This Des Moines woman is showing that cooking can change lives
Sue Hoss said she never thought of herself as one who could make a significant difference in other’s lives.
Yet here she was in a church kitchen, working alongside Jenny Wetzel.
“You got it, girlfriend,” Hoss said, while Wetzel packed brown sugar into a measuring cup for her famous chocolate chip cookies.
Wetzel has an intellectual disability. Hoss is a 48-year-old single woman, driven to excel in her career.
Hoss was a food magazine editor in Des Moines for 11 years before founding a cooking media company, Main Dish Media in 2009. And she also helped launch Plymouth Church’s coffee shop, Plymouth Grounds, three years later.
Yet making cookies with Wetzel was making a difference.
The coffee shop is run by students with intellectual disabilities. Teaching them to bake launched another new venture this fall, a digital cooking magazine geared for people with disabilities called Look, Cook, and Eat, at lookcookandeat.com.
Using recipes with few ingredients and several simple steps explained in videos with voice-overs, subscribers can easily follow along on tablets or laptops to cook their own meals, further easing the way to independent living.
“For me, to see people use this to cook is a big deal,” Hoss said. “I think this can make a difference.”
With reality television shows such as “Born This Way,” the population with intellectual disabilities is undergoing a surge in mainstream acceptance. But it wasn’t that way growing up for Hoss, whose younger sister JoEllyn was born with a chromosome deficiency. Her parents constantly had to push society for acceptance.
“I saw my mom just throwing herself into improving her life,” Hoss said. “You start to advocate for them. You end up being a cheerleader.”
Hoss grew up in California, and she left behind that life to find her own path, which included being a ski bum for a couple years in Colorado, culinary school and teaching in Japan.
It trained her in risk-taking.
She remembers her first overseas flight to Japan in 1990, when she questioned herself, fretting over the possibility of failure. Then it occurred to her.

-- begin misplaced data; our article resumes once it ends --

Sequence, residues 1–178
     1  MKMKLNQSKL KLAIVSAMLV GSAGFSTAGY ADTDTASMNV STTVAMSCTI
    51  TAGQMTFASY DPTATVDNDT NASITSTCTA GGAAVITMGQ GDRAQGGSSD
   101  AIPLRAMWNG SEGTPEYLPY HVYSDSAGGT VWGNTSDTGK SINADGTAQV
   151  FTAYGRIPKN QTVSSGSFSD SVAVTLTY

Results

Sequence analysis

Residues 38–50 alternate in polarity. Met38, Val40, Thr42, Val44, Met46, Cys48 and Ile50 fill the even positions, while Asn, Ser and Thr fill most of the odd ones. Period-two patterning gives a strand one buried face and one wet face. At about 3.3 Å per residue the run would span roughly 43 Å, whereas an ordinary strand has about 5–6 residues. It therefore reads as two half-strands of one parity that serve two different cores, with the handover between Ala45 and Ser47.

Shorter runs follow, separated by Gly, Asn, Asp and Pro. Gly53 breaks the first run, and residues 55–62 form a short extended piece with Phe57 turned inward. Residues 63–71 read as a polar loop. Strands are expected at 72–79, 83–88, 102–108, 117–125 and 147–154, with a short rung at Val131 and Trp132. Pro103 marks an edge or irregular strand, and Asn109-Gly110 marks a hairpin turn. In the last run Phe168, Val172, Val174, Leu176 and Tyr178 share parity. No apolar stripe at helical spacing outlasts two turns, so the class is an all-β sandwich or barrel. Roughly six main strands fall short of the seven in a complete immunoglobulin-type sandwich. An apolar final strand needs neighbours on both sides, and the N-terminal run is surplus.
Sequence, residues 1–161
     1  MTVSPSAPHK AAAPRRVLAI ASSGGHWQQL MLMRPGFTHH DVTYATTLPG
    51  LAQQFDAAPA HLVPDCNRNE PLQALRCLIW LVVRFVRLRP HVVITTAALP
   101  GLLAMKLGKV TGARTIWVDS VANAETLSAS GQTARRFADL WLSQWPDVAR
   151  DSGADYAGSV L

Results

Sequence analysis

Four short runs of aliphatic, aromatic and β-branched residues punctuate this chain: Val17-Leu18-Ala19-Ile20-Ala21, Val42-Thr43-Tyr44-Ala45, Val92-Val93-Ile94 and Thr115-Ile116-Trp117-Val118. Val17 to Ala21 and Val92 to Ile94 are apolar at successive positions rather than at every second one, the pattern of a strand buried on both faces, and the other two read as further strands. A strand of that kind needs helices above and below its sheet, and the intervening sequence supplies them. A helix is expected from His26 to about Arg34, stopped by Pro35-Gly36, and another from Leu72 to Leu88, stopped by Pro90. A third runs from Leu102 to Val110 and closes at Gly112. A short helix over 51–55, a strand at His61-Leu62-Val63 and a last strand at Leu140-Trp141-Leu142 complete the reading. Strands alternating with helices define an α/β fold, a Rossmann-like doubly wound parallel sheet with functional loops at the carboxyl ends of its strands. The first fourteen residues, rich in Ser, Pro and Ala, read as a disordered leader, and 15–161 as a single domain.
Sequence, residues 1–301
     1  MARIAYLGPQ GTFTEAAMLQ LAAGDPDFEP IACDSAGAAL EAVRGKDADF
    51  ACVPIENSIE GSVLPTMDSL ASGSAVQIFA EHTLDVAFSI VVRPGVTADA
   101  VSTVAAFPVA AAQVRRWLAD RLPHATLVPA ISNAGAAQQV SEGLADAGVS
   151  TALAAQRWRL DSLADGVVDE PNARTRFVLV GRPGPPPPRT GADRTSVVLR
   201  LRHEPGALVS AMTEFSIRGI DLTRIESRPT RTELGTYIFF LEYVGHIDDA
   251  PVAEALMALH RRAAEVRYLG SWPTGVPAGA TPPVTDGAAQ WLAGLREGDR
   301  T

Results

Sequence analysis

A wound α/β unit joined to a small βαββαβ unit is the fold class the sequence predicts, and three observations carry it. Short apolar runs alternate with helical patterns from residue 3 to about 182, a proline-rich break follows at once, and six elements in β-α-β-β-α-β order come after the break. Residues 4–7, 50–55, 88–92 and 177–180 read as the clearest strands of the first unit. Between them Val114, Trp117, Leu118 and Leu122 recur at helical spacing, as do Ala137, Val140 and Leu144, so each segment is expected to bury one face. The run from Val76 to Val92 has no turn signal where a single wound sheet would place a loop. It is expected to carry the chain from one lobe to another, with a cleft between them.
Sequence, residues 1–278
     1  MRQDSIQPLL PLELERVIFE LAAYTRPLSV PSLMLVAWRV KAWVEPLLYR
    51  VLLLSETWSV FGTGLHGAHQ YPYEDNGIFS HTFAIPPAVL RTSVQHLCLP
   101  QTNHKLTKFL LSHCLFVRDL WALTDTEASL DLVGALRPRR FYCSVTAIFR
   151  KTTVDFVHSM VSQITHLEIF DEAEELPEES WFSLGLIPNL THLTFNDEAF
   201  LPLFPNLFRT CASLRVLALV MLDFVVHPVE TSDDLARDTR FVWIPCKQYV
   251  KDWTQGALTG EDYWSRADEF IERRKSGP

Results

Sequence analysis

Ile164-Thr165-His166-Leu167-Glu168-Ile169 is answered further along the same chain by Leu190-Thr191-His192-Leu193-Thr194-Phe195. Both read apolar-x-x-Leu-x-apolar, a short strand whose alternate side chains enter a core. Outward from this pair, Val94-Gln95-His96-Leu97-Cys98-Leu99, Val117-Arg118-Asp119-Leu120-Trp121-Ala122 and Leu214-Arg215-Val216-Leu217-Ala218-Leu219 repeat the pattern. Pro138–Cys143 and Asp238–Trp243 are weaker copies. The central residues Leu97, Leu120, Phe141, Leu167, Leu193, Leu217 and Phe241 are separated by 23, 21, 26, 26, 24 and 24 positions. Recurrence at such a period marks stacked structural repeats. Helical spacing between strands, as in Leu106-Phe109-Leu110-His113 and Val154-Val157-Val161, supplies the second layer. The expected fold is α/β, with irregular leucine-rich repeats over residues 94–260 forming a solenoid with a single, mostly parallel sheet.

“If I fail, I can go home,” she said. “Even a short time there would be more than a lot of people do. I’m at a point now … well, I haven’t died yet, so it will be OK.”
She left a job at Cuisine at home Magazine in Des Moines to found Main Dish Media, which has attracted large clients such Campbell Soup.
And she made that leap to standing alongside a very tentative and scared group of new employees at Plymouth Grounds.
“That first latte is terrifying,” Hoss said.
The students from Ruby Van Meter School, a secondary school for special-needs students in Des Moines, operate the coffee shop. At first, they are nervous about the hot liquids and the pressure of waiting on customers.
“They are afraid to get burned,” she said. “But that’s how life works.”
They learn by doing. In the past three years, they have become a treasured part of the church, which prides itself in its inclusiveness. The students learn to greet regular customers and gain the skills to be employed later.
“Seventy percent of the students employed here go on to part-time jobs,” said Melinda Collins, the barista coordinator. “And Susan brought in a culinary touch.”
Hoss began to take baristas back to the kitchen for one-on-one training in baking. She found out they loved it. Wetzel was one of the first. She is now 22 and can knock out batches of brownies and cookies with little supervision.
She takes pride in the product and has her name on the counter display featuring the cookies. The students have even learned to up-sell their own baked products at the counter, asking customers if they would like a cookie to go with their latte.